folded across her chest. Le cakmbour-msue. and if one knows French. or to a combination of linguistic and visual media. with their arrns folded across in front of them. further layers in this particular instante. Though it is likely that most people. on the phrase 'to have the gall.'. described in Section 111. so it would appear from the position of her shoulders. There are. h the renal area she is adomed with the curlicue F-shaped sound- holes of certain stringed instruments. Thus. of course. when not painting. think of linguistic puns. The play here is. a hobby or pastime. who was fond of. where her seat makes contact with her seat). she is almost entirely naked behind. aren't their bodies violin or cello-like?. Yet a further layer is accessible to those who know something of the works of Ingres. the 'cudgel pun'. We would have much difficulty in trying to place on this the sort of requirements made of a linguistic pun. was at least one presumed attempt at a pun aiming at vilification and provocation: FRENCH MEDDLERS HAVE SOME GAUL Sun. recoverable purely visually: 'If you see young women from behind. turbaned woman6 sitting in full foreground. it is probably true that the British in general and the British press in particular confine themselves to lampooning. On the whole. one perceives. Apart from the turban. there are already two levels of meaning. But we can perhaps give an example of what is being alluded to. 1997). Here.and looks like it. as Redfem translates it (1984: 141). then. resembles that of a violin or e l l o . to pun. there is also the phenomenon often referred to as the 'visual pun'. and with the aid of this prompt. it fails. but among the headlines noted in the composing of the 'Mix 'n' Match Game'. even obsessed with. but 'gaii' is deliberately mis-written as 'Gaul' to extract a cheap laugh at the expense of the French. 1998. But if this intended as a pun as such.1. too n. there might emerge the more sophisticated irnplication: 'Never mind Ingres hirnself. and might have to accept that the term 'visual pun' has a broad generic application to pictures or other visual media. however. because the chain of words does not possess at least two coherent interpretations . her arms not seen. from the neck down to the buttocks. this is actually the artist'slphotographer's real violon d'lngres . some of whom Man Ray's photograph readily Cuadernos de Filología Inglesa. the painting of female bathers. to.. naked. Friday. on hearing the word 'pun'.to say that someone 'has some Gaul n is in itself about as meaningful as saying that someone "has some Englandn or "has some Spainn5. 115-142 . 7. oh yes. just a fold of cloth emerging from in front over both her hips. It stems from the painter Jean Auguste Dominique Ingres (1780-1867). how closely the form of her body in posterior view. and passing underneath her. .And. pp. is at the heart of what the British tend to think of as 'cruel French humour' . The iilustration referred to is a 1924 photograph by Man Ray and bears the title Violon d'lngres. down to where her buttocks make contact with her seat (or. The following article complained of a French lony-drivers' blockade of the French ports and suggested that the French were interfering with the British by hampering their exports. . in which ambiguity resides. if one had not perceived it before. tumed to her left and alrnost in profile for the viewer.Word-Plays 119 and ndicule aliuded to in Roget. who. The meaning of this French term is a pursuit engaged in outside one's professional activities. once one takes cognisance of the title. violins and cellos are for playing on". She is visible from the top of her head. back to the viewer. was dedicated to violin-playing. but. May 9. and one which contains severa1 layers of meaning: The cover iliustration on Redfem (1984) is of a young. ie impudence.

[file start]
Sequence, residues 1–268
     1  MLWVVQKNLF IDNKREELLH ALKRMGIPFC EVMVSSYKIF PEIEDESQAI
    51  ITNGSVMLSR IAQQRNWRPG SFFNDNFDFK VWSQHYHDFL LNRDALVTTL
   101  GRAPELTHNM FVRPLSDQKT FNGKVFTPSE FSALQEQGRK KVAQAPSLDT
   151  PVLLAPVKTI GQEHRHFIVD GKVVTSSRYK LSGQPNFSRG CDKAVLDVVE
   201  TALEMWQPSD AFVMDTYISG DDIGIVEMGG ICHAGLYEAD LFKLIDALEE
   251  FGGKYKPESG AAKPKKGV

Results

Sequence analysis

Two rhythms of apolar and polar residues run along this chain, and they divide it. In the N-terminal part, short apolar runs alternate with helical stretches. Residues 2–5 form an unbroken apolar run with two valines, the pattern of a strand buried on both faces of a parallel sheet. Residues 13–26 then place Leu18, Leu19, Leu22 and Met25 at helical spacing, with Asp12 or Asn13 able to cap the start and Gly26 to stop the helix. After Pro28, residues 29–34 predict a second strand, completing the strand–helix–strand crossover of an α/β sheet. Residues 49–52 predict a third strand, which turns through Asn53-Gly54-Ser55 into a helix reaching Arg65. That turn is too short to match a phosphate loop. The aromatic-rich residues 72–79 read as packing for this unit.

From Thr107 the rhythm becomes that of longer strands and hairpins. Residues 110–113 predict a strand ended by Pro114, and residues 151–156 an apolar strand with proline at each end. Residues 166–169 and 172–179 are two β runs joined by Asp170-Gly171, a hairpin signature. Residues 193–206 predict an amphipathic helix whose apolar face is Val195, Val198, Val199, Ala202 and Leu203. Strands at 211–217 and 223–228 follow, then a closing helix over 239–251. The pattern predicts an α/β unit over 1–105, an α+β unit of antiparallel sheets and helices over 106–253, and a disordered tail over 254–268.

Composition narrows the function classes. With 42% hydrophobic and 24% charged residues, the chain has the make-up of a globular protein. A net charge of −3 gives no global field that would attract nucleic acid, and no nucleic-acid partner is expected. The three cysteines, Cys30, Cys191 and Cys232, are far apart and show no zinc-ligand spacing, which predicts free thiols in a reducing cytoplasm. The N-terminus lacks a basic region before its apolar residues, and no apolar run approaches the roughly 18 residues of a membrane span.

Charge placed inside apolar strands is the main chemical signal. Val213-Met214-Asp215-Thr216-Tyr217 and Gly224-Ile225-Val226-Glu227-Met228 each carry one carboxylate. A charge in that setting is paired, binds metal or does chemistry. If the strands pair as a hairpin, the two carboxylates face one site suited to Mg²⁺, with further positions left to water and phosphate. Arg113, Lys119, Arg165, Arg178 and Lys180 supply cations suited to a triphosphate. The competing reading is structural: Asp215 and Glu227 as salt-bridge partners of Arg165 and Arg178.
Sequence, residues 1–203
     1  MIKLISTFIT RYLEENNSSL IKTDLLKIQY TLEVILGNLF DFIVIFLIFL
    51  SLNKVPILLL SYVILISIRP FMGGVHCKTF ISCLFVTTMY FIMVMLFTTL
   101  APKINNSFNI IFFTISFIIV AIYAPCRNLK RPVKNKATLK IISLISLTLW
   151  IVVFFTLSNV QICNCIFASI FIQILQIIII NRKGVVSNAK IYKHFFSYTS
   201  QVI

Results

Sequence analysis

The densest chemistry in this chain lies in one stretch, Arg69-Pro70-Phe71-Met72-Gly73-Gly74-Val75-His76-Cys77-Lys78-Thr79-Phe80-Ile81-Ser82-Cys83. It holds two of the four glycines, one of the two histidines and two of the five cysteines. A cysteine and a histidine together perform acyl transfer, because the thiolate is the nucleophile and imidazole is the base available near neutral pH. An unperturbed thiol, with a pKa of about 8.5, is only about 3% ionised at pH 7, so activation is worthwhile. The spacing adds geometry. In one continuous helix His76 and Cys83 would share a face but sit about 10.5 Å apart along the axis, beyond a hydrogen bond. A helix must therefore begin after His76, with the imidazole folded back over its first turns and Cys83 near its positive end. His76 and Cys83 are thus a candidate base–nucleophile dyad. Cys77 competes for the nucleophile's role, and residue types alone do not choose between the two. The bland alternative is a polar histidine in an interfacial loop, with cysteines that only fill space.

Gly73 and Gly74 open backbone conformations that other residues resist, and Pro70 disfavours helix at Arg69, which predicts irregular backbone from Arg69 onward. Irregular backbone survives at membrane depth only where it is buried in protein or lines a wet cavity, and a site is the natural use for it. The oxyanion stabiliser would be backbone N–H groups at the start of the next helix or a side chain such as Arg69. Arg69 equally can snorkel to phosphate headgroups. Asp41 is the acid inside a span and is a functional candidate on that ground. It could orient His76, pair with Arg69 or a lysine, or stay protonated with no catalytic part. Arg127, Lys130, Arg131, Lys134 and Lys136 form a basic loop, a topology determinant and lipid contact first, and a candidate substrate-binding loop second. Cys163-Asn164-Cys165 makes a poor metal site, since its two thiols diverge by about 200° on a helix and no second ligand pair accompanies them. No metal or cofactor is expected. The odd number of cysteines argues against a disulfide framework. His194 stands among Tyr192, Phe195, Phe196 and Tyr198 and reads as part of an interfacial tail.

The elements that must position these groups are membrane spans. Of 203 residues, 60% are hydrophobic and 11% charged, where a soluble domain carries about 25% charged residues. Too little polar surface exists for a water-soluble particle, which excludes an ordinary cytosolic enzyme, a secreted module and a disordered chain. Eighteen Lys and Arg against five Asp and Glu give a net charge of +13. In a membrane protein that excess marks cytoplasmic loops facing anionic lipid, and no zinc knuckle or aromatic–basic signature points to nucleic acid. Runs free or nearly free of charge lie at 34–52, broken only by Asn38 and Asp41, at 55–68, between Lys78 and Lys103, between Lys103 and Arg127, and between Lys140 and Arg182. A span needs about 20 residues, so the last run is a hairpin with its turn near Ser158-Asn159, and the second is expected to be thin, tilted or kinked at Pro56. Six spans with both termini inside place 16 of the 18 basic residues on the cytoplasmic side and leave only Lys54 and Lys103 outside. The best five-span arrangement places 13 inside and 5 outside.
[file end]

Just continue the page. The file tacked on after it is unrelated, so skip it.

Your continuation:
this time over her left m. and note what a clever. then. 1998. However.115-142 . pp. The 'N' is separated from its orthographic cousin o d y by the absence of one diagonal stroke. and portraying a sinuousness which some rnight even judge to be grotesque. the linguistically aware will also note that the word 'puns' contains two elements which are both orthographically and phonetically closely related to others. we imagine. interpreted as a sound. but this time affording a glirnpse of a copious left breast and nursing a stringed-instrument. still pouring. the iconography here not passing unnoticed. we are not quite finished. The nature of the cover may be evoked roughly (a phrase advisedly chosen) as follows: PUNS -Wdrer Redlcm- Presumably. but outrageous. in essence a voyeur?' Finally. Ingres' 1808 painting La baigneuse de Valpinqon (Zle Valpinqon B ~ I h e r depicts. that Ingres' violon d'lngres was in truth less violin-playing than painting nude bathers? 1s Man Ray also implying that Ingres was. just visible in the left lower rniddle-ground) and his Le bain turc ( 7 k Turkish Bath) of 1862 contains in the left foreground a young turbaned but otherwise naked woman. However. 7. is there a hint that Ingres' obsession with bathers was his own prison? No doubt art cognoscenti could g find severa1 other allusions. in her lap. verbal-cum-visual play it in itself perpetrates. She is surrounded by a large bevy of equally naked young women. a young woman in a turban and a fold of cloth. For exarnple. Does Man Ray's Violon d'lngres suggest. it is hardly a serious questionlO. is not so far distant from its bilabial counterpart. its broad end resting. anachronistically. )~ again from behind.1. since violon serves as a French slang word for 'prison cells'. three or four presenting full-frontal views. yet again with back to viewer. The 'P' is separated from its orthographic cousin o d y by the absence of a loop. 120 John Robem brings to rnind. interpreted as the sound b]. from its homorganic cousin only by the absence of voice. and. Did Redfem mean this? Given his theme. and. what is presented vísually most prominently will escape no-one. We must now return to the cover of Redfem's book. his neo-classical wnservatism notwithstanding.(her bath. but this much will suffice to reinforce the point at issue here . Cuadernos de Filología Inglesa.